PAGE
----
This perfectly preserved, somewhat whimsical effigy whistle is a fine example of the molded ceramics made for funerary use on Jaina Island or the coastal Campeche area of Mexico. The effigy whistle represents an anthropomorphic harpy eagle, the greatest of the avian, sky predators found in the tropical lowlands of Mesoamerica. Anthropomorphic traits include the standing posture, eyes placed on the front of the face, and the use of a loincloth. The wings are personified and represent saurian hea ...click for details
This exceptional, life-size head fragment is executed in the Lagunillas, or Chinesco, type D tradition as cataloged by Hasso Von Winning. The delicate and subtle contours have been enhanced with a cream and red paint. Thin, painted lines in a slightly darker cream tone accent the face and recall a wood grain effect. From a monumental figure, the head alone measures 8"H x 6.50"W, and it has been custom mounted.
From the Shaft-Tomb region of Nayarit State, Mexico. 200 BCE- CE 300. It is ...click for details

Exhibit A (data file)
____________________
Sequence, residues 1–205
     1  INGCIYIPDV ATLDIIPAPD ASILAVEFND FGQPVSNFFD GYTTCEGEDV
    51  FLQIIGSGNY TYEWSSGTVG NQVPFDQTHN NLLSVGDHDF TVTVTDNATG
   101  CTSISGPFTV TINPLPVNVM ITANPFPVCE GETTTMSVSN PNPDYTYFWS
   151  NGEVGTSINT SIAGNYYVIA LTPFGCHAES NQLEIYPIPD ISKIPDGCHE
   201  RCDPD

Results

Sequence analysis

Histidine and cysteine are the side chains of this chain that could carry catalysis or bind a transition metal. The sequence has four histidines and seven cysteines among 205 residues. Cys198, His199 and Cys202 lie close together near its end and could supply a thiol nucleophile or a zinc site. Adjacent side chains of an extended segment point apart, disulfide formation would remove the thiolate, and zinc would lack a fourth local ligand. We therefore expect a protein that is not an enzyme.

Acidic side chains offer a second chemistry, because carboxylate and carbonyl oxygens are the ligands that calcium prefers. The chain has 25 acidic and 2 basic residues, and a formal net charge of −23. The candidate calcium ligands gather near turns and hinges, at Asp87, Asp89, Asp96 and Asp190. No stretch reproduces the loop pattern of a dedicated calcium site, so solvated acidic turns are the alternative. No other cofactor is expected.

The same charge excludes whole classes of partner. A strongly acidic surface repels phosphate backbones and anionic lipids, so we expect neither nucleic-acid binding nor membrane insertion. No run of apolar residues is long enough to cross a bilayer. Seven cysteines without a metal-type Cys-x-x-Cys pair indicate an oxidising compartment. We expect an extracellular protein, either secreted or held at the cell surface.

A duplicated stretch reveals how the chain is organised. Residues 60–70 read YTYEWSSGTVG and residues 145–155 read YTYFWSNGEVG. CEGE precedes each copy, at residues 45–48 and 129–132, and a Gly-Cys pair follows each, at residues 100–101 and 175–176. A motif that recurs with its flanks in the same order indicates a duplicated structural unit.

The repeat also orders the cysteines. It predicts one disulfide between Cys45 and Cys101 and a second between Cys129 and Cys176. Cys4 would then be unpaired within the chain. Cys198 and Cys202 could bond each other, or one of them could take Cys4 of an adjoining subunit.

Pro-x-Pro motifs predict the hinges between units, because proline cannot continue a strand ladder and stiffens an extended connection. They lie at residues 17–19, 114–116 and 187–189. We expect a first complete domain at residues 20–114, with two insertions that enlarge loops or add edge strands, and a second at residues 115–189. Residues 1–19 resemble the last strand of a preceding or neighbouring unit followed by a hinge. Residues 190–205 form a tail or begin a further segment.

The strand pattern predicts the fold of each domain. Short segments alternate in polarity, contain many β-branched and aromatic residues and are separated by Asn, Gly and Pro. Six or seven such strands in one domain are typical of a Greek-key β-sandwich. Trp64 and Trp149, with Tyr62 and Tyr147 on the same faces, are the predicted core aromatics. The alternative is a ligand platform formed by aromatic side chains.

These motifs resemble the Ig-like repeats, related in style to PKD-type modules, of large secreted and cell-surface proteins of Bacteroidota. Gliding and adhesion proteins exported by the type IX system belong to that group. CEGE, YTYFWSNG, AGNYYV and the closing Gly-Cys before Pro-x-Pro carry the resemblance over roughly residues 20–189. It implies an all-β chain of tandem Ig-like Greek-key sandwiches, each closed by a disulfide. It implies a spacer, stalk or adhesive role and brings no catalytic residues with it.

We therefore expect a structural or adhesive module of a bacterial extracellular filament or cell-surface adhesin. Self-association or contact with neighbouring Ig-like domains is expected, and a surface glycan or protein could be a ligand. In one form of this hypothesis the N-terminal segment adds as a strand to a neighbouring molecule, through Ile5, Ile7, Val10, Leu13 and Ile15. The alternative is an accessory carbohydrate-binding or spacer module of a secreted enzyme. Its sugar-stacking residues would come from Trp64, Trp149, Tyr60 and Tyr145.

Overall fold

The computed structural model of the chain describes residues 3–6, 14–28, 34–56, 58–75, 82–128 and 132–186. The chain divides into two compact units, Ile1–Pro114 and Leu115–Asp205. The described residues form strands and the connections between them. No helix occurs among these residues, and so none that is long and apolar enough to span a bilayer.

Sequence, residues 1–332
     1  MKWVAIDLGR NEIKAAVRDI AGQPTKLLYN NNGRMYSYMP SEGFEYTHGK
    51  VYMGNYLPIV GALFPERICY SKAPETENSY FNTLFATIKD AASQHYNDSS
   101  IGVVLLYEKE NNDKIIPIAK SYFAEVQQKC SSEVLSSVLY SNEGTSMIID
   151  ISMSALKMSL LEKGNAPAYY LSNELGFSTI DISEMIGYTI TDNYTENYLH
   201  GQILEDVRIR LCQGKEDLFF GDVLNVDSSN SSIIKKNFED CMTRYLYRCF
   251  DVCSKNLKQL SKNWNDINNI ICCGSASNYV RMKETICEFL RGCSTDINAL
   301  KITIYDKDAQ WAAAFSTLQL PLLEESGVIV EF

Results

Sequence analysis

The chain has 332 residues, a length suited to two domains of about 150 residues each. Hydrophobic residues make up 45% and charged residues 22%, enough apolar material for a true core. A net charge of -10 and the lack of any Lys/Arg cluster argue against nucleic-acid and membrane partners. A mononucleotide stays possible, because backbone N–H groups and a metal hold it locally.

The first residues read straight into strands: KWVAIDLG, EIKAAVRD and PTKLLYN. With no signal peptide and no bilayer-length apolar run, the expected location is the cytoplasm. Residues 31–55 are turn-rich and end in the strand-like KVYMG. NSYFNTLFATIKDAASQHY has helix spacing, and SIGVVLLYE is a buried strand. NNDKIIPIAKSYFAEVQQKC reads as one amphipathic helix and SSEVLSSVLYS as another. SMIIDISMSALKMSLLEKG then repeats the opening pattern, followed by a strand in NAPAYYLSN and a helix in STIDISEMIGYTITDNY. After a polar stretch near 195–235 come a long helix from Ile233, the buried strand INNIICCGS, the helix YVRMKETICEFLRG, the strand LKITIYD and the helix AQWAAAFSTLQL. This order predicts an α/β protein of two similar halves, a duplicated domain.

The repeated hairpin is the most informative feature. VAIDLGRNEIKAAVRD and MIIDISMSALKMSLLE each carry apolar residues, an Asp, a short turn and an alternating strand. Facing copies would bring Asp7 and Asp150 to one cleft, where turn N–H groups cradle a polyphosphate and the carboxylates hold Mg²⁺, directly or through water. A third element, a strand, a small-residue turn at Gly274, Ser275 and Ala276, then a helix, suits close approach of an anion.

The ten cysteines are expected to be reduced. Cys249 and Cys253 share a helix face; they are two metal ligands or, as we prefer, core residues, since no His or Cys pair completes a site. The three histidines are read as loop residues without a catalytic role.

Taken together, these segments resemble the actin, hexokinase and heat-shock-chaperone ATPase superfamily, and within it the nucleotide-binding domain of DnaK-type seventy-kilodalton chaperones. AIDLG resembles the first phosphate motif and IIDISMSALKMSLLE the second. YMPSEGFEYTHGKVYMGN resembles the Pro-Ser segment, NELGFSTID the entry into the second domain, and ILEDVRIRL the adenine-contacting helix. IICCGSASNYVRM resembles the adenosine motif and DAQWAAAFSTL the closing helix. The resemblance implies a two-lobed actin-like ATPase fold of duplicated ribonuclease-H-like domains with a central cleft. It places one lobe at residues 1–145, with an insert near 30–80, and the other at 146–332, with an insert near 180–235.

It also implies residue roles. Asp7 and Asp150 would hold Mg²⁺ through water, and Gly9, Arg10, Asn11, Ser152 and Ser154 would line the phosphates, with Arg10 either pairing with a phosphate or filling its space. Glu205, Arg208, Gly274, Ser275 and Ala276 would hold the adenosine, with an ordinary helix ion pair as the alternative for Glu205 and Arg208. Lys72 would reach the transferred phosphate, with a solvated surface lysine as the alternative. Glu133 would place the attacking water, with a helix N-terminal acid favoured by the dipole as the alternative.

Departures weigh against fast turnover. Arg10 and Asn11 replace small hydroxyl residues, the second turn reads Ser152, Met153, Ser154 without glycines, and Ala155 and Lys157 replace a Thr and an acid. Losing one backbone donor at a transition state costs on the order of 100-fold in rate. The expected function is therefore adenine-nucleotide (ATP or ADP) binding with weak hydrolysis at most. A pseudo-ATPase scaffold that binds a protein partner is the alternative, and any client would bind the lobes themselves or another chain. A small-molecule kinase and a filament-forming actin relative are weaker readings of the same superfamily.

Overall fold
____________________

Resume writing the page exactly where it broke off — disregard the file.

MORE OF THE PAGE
The plump, spirited Viringo shown in a relaxed pose with small legs and paws held calmly together, and with caricatured facial features emphasized. This thin-walled, ceramic dog has been slipped in a red-orange color and has been painted with cream details. From the north central coast, Lambayeque Valley region of Peru, CE 1200-1450. About 6.75" x 6.75", in mint, intact condition. Provenance: Private Chicago collection since the 1970's.
The Huastec peoples are linguistically related to the Mayas, separated from the peninsular Mayan-speaking groups as early as the beginnings of the Olmec Horizon, circa BCE 1500. One, if not both of the two enigmatic, somewhat lifeless faces seen on this well-modeled and unusually elaborate Postclassic period ceramic may represent the Mesoamerican act of whistling to the storm gods as a petition for soaking rains. This same tradition is documented today in parts of Veracruz and in the Maya world ...click for details